Sociology is the only branch of science I’ve encountered that claims it’s okay to let your own feelings influence the research. That’s not science. It’s activism masquerading as science. To be fair, many do social research and pay attention to the data. Most of this is done through surveys or observation. Some is done by extrapolating data from other people’s research, like census data.
Allowing themselves to become political activists, sociologists weaken their credibility. Some of them, especially conflict theorists and feminists, come off as angry, arrogant psychopaths. I suspect some of them are. Some of the conflict theorists and feminists are also socialists or communists. Conflict theorists, in particular, idolize Karl Marx and his writings, even if they aren’t communists. These facts alone destroy their credibility with almost any conservative, most moderates and a few liberals as well. They openly want to change the way societies work.
On the other hand, conservatives love functionalist sociologists. To a conservative, the functionalist perspective seems the most scientific and, I admit, it does seem that they keep the most emotional distance from the topic. At times, this seems like a façade, though. Functionalists are interested in the roles that different groups play in the larger society, how they contribute to the culture at large. That includes how the poor support the rich and vice versa. The subtext is that they are interested in keeping the status quo, even if it means some people get screwed by the system.
There’s a fourth approach, interactionists, that’s interested in the way each group relates to and influence each other. That may seem a little touchy feely, but they don’t have nearly as dramatic political agendas as the others do.
I hate all of these approaches. They each have an agenda that colors their research and destroys the notion of what I think science means, the detached search for knowledge. The data should take precedence over personal interest. To me, that makes sociology inherently flawed as a science.
In spite of my own disgust with this approach, they aren’t always wrong. Functionalists have been very good at explaining how different social elements work, and how each social class contributes to the society as a whole. Interactionists have done very well in showing how members of one group can be assimilated and/or otherwise influenced by another, and how they recruit new members. Conflict theorists have shown the inherent battle between social classes over resources, and liberties and feminists have shed light on the difficulties and unequal treatment of women and the poor. In spite of their particular, often conflicting, agendas, taken together, they paint a more comprehensive picture of how society works. When we step away from the rhetoric of extremism, the data paints an interesting picture and, depending on your politics, not a very pretty one. But that’s a matter for later posts.
Of course, you’d expect to read something like this from a moderate, wouldn’t you?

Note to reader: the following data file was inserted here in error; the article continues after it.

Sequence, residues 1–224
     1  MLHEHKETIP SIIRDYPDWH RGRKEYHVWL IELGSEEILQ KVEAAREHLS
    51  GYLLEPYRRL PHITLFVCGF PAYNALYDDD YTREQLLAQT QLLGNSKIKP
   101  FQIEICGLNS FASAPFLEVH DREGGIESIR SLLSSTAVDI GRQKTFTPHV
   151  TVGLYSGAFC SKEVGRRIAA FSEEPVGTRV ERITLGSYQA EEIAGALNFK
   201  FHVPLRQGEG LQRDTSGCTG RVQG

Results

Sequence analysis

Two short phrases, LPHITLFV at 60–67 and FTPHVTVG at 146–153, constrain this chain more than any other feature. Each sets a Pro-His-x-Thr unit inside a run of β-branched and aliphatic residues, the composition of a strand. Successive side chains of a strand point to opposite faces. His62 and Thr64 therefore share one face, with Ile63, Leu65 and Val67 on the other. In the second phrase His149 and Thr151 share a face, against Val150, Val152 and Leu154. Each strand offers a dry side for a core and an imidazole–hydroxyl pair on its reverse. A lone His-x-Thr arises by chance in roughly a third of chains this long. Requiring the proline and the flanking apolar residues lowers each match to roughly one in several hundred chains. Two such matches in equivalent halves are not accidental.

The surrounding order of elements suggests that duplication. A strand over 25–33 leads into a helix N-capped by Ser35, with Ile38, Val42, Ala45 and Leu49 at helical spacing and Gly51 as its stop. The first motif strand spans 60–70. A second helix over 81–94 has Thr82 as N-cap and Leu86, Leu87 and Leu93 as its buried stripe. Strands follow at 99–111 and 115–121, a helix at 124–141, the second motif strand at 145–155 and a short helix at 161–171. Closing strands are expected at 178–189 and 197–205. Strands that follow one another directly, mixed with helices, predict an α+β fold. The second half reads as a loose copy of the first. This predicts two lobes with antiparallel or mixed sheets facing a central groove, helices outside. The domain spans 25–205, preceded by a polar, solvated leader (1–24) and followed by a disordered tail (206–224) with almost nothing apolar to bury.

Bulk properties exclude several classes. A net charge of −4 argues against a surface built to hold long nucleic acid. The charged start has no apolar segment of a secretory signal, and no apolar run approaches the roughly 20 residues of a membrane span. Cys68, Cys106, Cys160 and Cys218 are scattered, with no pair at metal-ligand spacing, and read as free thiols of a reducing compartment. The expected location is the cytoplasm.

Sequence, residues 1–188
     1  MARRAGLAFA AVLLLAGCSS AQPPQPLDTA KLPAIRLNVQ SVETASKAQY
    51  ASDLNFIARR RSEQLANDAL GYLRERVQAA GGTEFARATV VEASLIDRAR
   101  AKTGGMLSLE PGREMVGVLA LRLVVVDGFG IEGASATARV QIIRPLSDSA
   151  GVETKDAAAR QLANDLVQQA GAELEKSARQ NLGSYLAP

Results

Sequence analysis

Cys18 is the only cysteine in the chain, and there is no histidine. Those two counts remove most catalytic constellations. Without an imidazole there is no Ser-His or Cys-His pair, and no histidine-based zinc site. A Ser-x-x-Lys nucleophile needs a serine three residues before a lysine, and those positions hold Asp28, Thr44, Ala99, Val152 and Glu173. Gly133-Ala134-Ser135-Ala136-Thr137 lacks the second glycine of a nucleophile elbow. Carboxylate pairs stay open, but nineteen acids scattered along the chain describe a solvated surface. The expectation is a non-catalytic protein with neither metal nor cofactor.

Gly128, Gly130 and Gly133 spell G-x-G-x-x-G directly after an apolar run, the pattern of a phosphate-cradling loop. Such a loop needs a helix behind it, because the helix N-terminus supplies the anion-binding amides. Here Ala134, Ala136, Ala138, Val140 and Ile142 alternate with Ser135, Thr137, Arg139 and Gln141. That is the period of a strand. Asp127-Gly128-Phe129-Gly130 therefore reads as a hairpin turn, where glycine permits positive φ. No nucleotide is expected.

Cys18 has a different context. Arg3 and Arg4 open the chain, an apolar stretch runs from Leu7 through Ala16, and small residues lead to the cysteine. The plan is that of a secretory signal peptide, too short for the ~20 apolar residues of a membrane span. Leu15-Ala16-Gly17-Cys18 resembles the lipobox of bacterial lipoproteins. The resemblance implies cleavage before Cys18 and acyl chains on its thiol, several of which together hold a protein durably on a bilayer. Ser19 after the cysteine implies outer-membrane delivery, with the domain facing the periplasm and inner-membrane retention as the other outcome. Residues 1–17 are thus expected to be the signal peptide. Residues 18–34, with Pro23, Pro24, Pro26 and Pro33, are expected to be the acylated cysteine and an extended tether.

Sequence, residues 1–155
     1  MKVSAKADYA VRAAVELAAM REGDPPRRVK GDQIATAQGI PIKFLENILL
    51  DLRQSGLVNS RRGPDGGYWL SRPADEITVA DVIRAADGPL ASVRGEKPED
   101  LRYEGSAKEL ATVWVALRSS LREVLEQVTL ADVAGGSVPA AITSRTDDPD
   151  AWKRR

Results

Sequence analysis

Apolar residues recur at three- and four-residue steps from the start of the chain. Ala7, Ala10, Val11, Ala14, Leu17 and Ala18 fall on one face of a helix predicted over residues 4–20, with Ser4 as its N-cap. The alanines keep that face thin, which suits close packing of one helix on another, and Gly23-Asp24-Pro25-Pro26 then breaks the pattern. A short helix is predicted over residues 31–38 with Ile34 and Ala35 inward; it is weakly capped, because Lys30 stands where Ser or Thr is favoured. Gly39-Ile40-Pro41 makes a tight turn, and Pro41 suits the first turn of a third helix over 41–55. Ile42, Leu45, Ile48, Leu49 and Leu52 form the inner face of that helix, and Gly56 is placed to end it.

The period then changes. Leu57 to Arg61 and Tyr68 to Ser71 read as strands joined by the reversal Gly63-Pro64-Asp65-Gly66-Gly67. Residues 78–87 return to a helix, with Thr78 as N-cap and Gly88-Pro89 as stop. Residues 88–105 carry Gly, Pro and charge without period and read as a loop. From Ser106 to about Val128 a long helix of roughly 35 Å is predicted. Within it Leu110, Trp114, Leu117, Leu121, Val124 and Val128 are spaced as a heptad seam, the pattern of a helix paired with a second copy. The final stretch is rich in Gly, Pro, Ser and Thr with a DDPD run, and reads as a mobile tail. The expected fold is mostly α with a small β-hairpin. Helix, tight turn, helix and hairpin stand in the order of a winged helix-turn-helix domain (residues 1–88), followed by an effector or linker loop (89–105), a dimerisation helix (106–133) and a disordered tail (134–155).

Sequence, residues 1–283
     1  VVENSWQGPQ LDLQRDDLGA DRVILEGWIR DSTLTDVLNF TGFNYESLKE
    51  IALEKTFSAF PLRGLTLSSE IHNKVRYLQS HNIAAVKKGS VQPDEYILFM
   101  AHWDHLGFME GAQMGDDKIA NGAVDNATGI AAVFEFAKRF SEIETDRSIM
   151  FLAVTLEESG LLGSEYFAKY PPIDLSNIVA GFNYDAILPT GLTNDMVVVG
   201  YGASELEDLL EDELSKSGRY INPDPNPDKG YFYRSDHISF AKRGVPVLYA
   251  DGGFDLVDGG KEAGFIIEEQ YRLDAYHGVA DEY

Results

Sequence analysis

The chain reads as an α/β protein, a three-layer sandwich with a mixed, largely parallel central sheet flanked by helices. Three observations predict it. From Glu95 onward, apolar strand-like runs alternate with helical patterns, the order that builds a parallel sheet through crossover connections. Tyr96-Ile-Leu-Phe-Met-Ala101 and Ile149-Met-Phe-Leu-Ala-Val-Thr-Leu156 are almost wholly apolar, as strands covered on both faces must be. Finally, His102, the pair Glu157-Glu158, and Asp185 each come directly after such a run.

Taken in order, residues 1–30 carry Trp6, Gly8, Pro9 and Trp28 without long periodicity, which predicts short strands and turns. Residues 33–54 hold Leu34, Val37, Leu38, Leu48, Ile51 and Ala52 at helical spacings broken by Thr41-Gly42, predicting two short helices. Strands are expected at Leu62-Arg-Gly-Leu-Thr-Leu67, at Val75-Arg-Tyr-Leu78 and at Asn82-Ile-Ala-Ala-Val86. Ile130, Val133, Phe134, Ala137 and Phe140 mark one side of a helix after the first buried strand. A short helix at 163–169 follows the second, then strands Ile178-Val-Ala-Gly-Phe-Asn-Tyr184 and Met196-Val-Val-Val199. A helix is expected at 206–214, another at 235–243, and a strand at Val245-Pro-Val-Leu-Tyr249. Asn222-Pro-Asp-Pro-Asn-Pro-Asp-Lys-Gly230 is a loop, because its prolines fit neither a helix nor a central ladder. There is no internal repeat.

Thursday, February 28, 2013
The bus has actually been quite a boon for me. The drive times are about double what it would take in a car, but it’s saving me quite a bit in gas money. My work gave me the bus pass, so I’m not even paying for that.
The long drive time has been good for school, too. During the drive, I can study, so it’s really not wasted time. Only one of my textbooks is of the super-heavy think hardback variety. The rest are light paperbacks or ebooks so, I don’t often have to weigh my backpack down very often.
Riding the bus in winter has some unforeseen downsides, though. The cold is the most obvious. I’ve adapted by wearing heavy clothing, a heavy coat with hood, and gloves. Not so obvious is a side affect of wearing heavy clothing. Like everything else, they are subject to the laws of gravity and try to find the lowest point possible. Having greater mass than lighter clothing, they have an easier time of it. My coat, shirt and gloves have no problem, though. They rest on my shoulders and hands quite nicely, thank you. My boots are secure around my feet and ankles. My pants and underwear? Not so much.
Having a good belt helps with my pants, but the waistband in some of my undies has seen better days. They’re feeling their age as much as I am. After the long bus ride, they decided they were tired of hanging around my sorry butt and started to migrate towards my feet. My Id, sensing this betrayal on the part of my underclothes, started raising all kinds of alarms. “Ahhhgghh! Your pants are falling down! You’re going commando! Someone will see your butt!”
My Ego, trying to calm the Id, said, “No, no, the pants are still on. It’s just your underpants that are going south. Your butt is not visible.”
I tried recovering my underpants by grabbing them through my jeans, but they were having none of it. They just kept up the steady southward migration.
My Id went into full panic mode. “Ahhhh! Naked butt! Naked butt!” After thinking about it for a moment, my Id, being what it is, started thinking, “Maybe it would be fun to flash these people. They might want to have sex with me. I’ll pull my pants down, too!”
Thankfully, my Superego intervened. “No, no. That would cause great embarrassment and result in jail time. You must not pull your pants down.”
“You’re such a killjoy.” Id complained. My Ego was not quite relieved.
Eventually, my underwear cleared the bottom of my butt cheeks. My pants, ever defending my honor, caught them at crotch level and stopped them from having a conversation with my knees and ankles. I’d hate to think what would have happened if I was wearing a dress. Not that I’ve done that. My Id has a mind of its own, though, so I still think of things like that.
As I entered the building, my underwear at half-mast and my backside getting acquainted with backside of my jeans, I struggled to control my brain and act like nothing was wrong. I just needed to get to the bathroom near my desk without raising suspicions that I had become and accidental commando. The fact that my desk is on the opposite side of the building wasn’t helping.
In the end, I got my end covered back up without further mishap. Praise goes to my denim jeans for not joining my undies in their southern migratory pattern. As I sat back at my desk I could only think of one thing: I really need to buy new underwear.
Sunday, January 13, 2013
Be warned. This is a research paper, so it is kind of long. References are included at the bottom.